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For those who have not heard of the case of Kirtsaeng v. Wiley, the legal dispute boils down to whether Americans truly own what they buy.

Specifically, Sudap Kirtsaeng legally bought Wiley & Sons textbooks being manufactured & sold in Thailand for less than the US branch of Wiley & Sons was selling them, then re-sold them in the US for a profit — a type of business based upon the "first-sale" doctrine — but Wiley sought to sue Kirtsaeng for copyright infringement, claiming in essence that first-sale only applies to books first sold in the United States.

First sale doctrine, as described in section 109 of the Copyright Act, states that the copyright holder's right over the distribution of a work extends only to the initial sale to a customer. Public libraries, used bookstores, even yard sales make use of this basic right — & all were potentially in peril from a bad ruling in this case. (Imagine having to buy permission from Honda to sell your used car...)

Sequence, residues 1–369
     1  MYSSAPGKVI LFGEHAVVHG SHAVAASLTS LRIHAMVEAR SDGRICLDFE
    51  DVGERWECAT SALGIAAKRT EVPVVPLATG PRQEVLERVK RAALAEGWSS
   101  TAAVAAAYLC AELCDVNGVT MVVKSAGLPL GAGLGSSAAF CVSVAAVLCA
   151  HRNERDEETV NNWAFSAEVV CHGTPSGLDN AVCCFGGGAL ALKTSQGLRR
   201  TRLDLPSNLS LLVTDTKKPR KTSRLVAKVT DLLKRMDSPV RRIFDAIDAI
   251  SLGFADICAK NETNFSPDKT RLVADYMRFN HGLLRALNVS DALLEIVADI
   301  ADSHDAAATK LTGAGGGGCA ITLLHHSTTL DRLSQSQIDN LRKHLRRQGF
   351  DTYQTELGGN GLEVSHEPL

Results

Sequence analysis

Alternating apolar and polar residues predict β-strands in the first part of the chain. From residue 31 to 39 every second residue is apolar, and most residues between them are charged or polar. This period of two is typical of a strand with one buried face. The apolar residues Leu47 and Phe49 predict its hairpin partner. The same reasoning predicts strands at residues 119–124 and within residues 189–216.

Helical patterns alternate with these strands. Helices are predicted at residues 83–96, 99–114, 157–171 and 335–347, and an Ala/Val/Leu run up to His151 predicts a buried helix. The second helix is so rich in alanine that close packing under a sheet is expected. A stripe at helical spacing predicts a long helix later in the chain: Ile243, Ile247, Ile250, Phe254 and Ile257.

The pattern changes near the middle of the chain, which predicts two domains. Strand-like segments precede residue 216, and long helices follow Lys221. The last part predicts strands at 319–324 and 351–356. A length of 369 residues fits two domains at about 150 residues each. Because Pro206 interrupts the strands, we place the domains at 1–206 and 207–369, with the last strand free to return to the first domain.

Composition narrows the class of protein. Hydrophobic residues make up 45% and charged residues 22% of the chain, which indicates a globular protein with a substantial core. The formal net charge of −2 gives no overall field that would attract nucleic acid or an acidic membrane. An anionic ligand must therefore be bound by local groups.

Today, in a 6-3 decision, the Supreme Court found for Kirtsaeng. Justice Breyer, writing for the majority, agreed that the first-sale principle applies to anything sold here regardless of where it is made — & Congress couldn't possibly have intended otherwise when writing the law (nor would they have intended to drive publishing jobs overseas).

EFF gives a general summary here, & Techdirt provides a nice, detailed article here.

Looks like we won a round.

(Supreme Court vote breakdown below the Kos Wingding...)

Interestingly, this case showed a split between the "liberals" on the court; Breyer wrote the majority opinion, while Ginsberg wrote the dissent.

Thus, based on the Techdirt article above, it looks something like this:

MAJORITY (finding for Kirtsaeng)


Originally posted to Brown Thrasher on Tue Mar 19, 2013 at 07:09 PM PDT.

Also republished by Progressive Friends of the Library Newsletter.

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